Can all this be called pranking? Or family vlogging? I would rather say it is abusive vlogging. 

Importance Of Consensual Sharing Of Personal Data

Such videos are planned well in advance and then recorded with the sole focus on creating and delivering quality content that attracts more viewers. In such cases, the well-being of the children and their mental health, is what is being compromised. It becomes secondary whereas the primary focus is on the views and reach the videos would garner and the money that comes in.  

Such things do harm the children because it is emotionally abusive. Most important and alarming of all, is the fact that the consent of children is of little importance as parents record and post such vlogs. Children tend to believe that this non-consensual sharing of their footage is normal, that this behaviour is okay, and that this is what is desirable to the audience. The likes and positive comments and suggestions that the videos receive reinforce this notion. 

The Risks Involved

All information regarding the children is available online including their names, easily accessible to all which leaves the children vulnerable. There is always the risk of the wrong audience watching the family vlogging channels. Since the videos once out are easily accessible to anyone with internet access, those with wrongful and predatory intentions can also view them.

There were reports of family vlogs being embedded on the websites of paedophiles. This puts children at risk of being further tracked down by such persons. This undeniably can be detrimental to their mental health. Social media platforms such as YouTube et al haven’t so far taken any appropriate measures to curb predatory behaviour targeting children and hence, such incidents continue to happen.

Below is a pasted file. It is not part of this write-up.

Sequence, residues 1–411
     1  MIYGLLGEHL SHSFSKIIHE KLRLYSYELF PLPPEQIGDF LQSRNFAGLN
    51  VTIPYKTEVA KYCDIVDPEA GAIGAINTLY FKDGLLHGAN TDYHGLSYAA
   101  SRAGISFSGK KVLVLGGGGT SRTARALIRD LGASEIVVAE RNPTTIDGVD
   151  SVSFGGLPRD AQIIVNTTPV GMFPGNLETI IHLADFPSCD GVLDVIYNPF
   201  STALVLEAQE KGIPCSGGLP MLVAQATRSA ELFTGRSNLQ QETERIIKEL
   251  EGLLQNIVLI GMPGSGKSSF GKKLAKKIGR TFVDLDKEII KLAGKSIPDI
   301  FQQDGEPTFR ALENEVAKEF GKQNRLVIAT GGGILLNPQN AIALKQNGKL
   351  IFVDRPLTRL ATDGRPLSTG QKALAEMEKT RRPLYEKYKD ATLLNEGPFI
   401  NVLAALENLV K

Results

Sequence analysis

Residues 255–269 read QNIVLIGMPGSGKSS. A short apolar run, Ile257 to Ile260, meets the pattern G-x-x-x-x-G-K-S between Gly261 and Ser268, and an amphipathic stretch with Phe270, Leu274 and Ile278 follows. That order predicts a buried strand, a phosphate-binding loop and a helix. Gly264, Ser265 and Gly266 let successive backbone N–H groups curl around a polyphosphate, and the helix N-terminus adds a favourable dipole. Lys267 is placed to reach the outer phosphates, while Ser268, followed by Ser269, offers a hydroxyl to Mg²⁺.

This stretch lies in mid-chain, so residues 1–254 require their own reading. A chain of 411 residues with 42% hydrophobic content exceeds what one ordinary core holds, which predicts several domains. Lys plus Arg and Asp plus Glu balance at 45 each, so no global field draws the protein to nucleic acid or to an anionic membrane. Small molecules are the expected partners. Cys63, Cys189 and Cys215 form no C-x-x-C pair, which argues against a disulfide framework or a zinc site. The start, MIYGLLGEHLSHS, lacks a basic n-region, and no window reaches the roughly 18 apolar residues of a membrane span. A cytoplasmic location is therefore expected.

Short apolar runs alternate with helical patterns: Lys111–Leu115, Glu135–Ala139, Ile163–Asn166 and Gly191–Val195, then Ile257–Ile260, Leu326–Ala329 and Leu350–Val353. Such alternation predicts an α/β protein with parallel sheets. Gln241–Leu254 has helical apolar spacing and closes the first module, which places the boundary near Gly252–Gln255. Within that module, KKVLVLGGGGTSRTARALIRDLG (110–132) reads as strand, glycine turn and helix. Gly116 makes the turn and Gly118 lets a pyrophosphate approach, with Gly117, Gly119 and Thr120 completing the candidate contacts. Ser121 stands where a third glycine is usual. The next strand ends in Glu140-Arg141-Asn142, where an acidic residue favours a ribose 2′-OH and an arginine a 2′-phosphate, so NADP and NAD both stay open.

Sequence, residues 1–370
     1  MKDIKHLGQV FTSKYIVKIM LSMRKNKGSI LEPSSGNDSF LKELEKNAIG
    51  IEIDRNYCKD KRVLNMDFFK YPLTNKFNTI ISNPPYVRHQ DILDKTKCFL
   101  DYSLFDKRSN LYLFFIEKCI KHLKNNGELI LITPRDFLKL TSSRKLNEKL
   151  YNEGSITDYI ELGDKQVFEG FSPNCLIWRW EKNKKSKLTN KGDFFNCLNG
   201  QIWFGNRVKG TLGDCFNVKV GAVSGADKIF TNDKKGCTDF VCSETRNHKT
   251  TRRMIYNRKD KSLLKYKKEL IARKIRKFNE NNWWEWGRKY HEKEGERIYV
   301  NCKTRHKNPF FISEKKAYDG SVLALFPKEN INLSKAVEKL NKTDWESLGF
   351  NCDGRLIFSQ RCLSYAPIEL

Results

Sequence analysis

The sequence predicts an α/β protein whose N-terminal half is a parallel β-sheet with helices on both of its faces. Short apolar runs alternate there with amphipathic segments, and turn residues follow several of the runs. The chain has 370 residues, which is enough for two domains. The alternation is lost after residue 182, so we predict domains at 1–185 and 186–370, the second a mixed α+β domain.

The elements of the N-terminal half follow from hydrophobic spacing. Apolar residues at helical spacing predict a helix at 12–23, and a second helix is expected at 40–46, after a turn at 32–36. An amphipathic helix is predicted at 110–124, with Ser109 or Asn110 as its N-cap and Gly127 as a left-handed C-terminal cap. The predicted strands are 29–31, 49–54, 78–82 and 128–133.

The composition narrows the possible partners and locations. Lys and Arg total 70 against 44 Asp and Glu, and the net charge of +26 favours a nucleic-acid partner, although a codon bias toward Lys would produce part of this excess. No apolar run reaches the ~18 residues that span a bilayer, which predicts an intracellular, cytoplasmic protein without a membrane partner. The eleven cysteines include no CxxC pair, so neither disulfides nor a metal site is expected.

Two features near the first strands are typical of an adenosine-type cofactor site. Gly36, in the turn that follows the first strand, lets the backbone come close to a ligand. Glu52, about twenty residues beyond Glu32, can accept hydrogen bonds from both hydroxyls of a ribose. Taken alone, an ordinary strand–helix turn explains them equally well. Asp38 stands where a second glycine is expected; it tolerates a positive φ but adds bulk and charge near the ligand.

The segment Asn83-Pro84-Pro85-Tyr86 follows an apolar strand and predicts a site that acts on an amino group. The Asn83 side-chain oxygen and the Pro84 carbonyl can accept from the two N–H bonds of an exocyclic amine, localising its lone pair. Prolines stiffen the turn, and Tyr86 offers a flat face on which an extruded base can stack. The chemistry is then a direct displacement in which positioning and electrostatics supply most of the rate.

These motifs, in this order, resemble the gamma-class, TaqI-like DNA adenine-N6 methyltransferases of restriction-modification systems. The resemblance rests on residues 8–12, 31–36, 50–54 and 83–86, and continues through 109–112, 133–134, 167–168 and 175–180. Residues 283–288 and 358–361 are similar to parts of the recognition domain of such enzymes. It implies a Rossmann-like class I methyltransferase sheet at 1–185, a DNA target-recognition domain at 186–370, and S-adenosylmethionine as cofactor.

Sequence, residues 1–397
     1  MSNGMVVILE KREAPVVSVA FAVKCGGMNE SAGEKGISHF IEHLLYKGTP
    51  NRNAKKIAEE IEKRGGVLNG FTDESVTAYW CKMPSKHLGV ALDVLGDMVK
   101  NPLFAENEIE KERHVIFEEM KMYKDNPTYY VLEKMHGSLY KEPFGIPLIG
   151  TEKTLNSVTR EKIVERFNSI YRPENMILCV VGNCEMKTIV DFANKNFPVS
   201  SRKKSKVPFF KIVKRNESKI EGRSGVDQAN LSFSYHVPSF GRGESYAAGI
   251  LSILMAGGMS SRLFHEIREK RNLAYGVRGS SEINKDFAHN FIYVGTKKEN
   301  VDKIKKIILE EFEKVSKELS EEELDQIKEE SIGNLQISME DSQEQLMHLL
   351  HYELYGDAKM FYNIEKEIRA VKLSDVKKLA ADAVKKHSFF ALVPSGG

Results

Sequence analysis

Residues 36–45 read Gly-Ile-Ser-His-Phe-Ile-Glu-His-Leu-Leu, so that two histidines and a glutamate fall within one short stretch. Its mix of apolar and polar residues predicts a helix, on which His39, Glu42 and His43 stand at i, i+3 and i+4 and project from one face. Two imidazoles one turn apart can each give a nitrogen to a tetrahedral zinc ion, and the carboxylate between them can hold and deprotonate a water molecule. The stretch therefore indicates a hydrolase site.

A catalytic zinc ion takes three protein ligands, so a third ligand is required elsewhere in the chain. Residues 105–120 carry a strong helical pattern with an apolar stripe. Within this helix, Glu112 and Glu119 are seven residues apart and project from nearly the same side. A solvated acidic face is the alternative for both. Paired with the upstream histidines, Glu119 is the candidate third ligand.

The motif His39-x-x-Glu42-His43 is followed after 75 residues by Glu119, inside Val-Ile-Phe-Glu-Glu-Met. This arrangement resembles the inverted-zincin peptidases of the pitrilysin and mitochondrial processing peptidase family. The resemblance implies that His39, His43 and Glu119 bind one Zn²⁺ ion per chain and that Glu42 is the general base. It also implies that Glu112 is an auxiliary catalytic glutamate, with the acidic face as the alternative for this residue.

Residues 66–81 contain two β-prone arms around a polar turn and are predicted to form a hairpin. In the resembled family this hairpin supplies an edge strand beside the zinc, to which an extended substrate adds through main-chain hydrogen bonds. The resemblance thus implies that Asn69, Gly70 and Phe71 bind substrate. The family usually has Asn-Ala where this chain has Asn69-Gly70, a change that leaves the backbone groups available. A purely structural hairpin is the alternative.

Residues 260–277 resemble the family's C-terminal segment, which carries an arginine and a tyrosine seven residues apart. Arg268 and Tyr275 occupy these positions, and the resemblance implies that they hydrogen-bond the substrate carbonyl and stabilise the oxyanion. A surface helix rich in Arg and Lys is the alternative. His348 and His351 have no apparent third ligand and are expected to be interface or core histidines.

Being Mindful Of The Pitfalls

Having said that, the purpose of the article is not to outrightly condemn family vlogging channels. It also serves some good. Some channels genuinely provide great sources of knowledge and guidance on matters such as parenting, health, and travel. Some are relatable, others are inspirational and entertaining.

There are yet other channels watching which alone serve as eyeopeners in helping the viewers identify the flawed and dangerous practices of family vlogging. We, as an audience and as parents, must be mindful of the influence the family vloggers have on us. Non-consensual sharing of photos and videos of kids on social media platforms is undoubtedly an invasion of their privacy.

We have a responsibility towards our children to seek consent, to talk about sharing their personal stuff online, if at all we intend to and how it might affect their image, both online and offline. In doing so, we are prioritising the wellbeing and safety of our children and dear ones over viewer reach and monetary gains.